Microsoft Updates Anti-Exploit Tool for Windows
Microsoft released its latest anti-exploit tool that adds a level of security for various software running on Windows systems. Instead of blocking specifically known exploits or providing security patches, the Enhanced Mitigation Experience Toolkit 3.0 is designed to block or "mitigate" known hacking techniques used on software technologies. Microsoft describes the toolkit as a bundle of "pseudo-mitigation technologies," and claims that the toolkit even can help to protect older software that lacked certain security protections.
"The toolkit includes several pseudo mitigation technologies aimed at disrupting current exploit techniques," Microsoft's download page explains. "These pseudo mitigations are not robust enough to stop future exploit techniques, but can help prevent users from being compromised by many of the exploits currently in use."
EMET used to be known as an "unsupported" Microsoft tool, meaning that it had not undergone extensive testing at Microsoft. However, with version 3.0, Microsoft is now saying that EMET is officially supported. Moreover, Microsoft took efforts with this version to make the tool more user friendly for enterprise environments. For instance, EMET 3.0 now can be deployed, monitored and managed using Group Policy and Microsoft System Center Configuration Manager.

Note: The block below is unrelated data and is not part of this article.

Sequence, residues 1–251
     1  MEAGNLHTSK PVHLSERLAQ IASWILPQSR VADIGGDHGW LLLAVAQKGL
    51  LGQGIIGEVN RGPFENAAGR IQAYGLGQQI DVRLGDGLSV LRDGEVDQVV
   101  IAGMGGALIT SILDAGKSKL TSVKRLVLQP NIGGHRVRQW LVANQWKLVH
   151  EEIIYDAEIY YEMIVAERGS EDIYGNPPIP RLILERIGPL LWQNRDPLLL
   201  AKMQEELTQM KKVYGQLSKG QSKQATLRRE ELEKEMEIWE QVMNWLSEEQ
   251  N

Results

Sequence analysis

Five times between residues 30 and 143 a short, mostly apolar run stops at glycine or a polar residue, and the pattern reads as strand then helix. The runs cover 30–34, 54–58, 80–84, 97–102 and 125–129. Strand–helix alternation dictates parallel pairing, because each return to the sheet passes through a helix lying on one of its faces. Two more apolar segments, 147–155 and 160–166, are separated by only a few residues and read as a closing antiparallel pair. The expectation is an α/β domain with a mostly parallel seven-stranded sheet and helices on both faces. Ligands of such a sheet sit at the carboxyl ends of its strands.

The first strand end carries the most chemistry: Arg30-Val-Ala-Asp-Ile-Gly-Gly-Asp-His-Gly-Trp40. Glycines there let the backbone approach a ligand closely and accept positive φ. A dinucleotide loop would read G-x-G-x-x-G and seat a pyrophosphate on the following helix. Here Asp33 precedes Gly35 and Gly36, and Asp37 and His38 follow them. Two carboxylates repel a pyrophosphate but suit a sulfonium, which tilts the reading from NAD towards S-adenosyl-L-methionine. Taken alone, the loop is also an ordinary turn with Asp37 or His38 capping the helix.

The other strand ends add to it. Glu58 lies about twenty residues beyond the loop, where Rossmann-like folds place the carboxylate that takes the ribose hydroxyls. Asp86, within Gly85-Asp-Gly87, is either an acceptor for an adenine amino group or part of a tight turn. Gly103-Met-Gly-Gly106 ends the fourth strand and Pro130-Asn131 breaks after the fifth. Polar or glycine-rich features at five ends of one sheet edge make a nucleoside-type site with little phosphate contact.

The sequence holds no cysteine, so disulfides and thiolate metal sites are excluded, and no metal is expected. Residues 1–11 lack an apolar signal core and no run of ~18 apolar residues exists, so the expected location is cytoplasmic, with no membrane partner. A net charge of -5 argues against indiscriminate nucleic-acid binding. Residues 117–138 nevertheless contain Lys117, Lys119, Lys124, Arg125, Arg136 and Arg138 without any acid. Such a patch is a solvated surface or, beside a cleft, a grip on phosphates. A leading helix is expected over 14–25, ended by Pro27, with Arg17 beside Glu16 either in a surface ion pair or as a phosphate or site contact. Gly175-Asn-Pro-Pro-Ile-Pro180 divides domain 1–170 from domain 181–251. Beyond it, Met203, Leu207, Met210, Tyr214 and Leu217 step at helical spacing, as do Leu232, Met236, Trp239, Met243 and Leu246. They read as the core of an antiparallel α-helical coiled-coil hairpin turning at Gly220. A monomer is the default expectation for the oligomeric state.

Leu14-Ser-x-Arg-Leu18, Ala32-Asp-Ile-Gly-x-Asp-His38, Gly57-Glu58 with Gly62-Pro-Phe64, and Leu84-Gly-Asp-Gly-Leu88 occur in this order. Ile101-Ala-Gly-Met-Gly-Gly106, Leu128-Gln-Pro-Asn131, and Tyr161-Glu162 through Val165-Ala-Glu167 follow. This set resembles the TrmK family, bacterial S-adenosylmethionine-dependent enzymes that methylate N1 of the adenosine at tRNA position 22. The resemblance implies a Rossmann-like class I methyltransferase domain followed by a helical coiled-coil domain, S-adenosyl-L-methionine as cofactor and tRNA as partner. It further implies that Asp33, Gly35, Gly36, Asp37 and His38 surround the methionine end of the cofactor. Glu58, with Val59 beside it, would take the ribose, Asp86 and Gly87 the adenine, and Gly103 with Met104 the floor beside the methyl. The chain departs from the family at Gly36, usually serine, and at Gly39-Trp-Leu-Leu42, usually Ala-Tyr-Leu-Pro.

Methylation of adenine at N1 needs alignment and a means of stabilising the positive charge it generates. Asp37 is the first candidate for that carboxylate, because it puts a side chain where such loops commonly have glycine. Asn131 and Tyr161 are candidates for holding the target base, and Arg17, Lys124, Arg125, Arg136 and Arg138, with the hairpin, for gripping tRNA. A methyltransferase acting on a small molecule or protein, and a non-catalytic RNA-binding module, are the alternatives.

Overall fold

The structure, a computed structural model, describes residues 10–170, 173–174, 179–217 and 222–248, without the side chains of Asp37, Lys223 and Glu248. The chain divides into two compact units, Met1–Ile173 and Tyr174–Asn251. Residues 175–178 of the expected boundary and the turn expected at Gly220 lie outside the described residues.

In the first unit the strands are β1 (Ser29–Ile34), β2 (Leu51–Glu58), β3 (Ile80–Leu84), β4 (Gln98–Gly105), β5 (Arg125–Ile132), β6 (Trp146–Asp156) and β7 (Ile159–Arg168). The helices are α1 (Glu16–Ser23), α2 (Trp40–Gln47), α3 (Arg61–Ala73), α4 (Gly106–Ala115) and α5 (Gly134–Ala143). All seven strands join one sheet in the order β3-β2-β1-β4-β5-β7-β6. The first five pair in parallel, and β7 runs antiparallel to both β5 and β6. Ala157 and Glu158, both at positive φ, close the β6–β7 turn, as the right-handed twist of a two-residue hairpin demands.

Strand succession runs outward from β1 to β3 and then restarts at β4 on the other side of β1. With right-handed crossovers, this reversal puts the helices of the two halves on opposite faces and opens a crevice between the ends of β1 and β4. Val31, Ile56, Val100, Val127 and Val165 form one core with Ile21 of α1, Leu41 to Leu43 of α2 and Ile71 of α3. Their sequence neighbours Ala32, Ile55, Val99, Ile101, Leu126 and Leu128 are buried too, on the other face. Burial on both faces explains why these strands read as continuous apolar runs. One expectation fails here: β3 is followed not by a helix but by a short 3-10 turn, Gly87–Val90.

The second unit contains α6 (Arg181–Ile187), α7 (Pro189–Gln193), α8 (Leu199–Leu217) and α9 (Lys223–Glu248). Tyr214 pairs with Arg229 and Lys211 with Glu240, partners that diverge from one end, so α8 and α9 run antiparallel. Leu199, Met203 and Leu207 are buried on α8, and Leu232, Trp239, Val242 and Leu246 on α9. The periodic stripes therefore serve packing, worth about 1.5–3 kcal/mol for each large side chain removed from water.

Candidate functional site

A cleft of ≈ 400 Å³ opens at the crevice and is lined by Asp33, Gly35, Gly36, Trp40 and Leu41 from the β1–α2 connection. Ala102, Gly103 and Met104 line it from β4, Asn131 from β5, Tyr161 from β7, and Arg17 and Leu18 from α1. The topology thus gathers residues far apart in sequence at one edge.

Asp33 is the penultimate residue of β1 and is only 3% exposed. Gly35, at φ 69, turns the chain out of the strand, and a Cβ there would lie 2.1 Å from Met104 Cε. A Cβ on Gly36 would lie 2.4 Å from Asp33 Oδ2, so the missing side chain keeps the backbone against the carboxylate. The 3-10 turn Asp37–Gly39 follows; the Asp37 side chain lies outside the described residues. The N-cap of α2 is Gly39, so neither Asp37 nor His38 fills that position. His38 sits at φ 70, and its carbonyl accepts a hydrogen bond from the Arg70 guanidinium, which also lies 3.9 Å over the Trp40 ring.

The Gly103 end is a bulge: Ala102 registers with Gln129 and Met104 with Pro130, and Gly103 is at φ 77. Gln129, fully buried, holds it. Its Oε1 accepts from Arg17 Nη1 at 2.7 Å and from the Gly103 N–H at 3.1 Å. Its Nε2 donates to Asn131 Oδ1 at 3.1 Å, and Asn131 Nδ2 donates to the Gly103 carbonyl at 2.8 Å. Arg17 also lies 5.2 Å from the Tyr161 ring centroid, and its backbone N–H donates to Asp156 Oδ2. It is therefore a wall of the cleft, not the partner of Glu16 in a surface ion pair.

One new reporting improvement added to EMET 3.0 is called the "notifier," which starts with Windows and writes information to the Windows event log. Events get flagged in the application log, but important events also are shown in the taskbar notification area. The tool will log an error message in the taskbar when an exploit is blocked, listing the application that was stopped.
EMET 3.0 also includes a configuration improvement for accessing protection profiles. Protection profiles are XML files used to help protect applications. Microsoft ships EMET with three default protection profiles: one for Internet Explorer, one for Microsoft Office and a third for "common home and enterprise applications." With version 3.0, Microsoft allows IT pros to point to these protection profiles, or custom ones, using wildcard characters, such as the "*" symbol. IT pros don't have to type the whole URL path to the protection profile to protect an app.
EMET 3.0 can be installed on top of the previous 2.1 release and existing rules that were created should still work, according to Suha Can of the Microsoft Security Response Center engineering team, in Microsoft's announcement.
The free version of the Enhanced Mitigation Experience Toolkit 3.0 can be downloaded here. It offers a general protection approach to thwarting exploit code from hackers. The toolkit works with all currently supported versions of Windows, both server and client, and even has been tested successfully with the Windows 8 consumer preview beta, according to Microsoft's announcement.
Additional help for EMET can be found a Microsoft's support forum page.
Kurt Mackie is online news editor for the 1105 Enterprise Computing Group.